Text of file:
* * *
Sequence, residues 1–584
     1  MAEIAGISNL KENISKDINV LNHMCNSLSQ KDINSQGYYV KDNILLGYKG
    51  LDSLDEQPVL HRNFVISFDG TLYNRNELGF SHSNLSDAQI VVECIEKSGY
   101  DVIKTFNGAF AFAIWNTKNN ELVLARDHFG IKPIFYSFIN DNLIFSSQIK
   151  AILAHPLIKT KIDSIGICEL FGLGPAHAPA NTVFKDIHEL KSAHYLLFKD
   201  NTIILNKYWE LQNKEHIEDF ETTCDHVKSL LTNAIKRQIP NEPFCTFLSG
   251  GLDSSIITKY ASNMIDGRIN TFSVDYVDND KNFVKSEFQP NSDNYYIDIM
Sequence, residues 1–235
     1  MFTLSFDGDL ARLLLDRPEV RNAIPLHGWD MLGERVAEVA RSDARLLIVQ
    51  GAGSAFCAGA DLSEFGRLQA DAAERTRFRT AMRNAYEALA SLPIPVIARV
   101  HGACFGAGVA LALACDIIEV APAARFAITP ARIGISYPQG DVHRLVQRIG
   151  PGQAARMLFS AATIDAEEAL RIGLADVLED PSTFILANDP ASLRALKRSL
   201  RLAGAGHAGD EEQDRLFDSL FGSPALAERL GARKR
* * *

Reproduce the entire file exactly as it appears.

Sequence, residues 1–584
     1  MAEIAGISNL KENISKDINV LNHMCNSLSQ KDINSQGYYV KDNILLGYKG
    51  LDSLDEQPVL HRNFVISFDG TLYNRNELGF SHSNLSDAQI VVECIEKSGY
   101  DVIKTFNGAF AFAIWNTKNN ELVLARDHFG IKPIFYSFIN DNLIFSSQIK
   151  AILAHPLIKT KIDSIGICEL FGLGPAHAPA NTVFKDIHEL KSAHYLLFKD
   201  NTIILNKYWE LQNKEHIEDF ETTCDHVKSL LTNAIKRQIP NEPFCTFLSG
   251  GLDSSIITKY ASNMIDGRIN TFSVDYVDND KNFVKSEFQP NSDNYYIDIM
Sequence, residues 1–235
     1  MFTLSFDGDL ARLLLDRPEV RNAIPLHGWD MLGERVAEVA RSDARLLIVQ
    51  GAGSAFCAGA DLSEFGRLQA DAAERTRFRT AMRNAYEALA SLPIPVIARV
   101  HGACFGAGVA LALACDIIEV APAARFAITP ARIGISYPQG DVHRLVQRIG
   151  PGQAARMLFS AATIDAEEAL RIGLADVLED PSTFILANDP ASLRALKRSL
   201  RLAGAGHAGD EEQDRLFDSL FGSPALAERL GARKR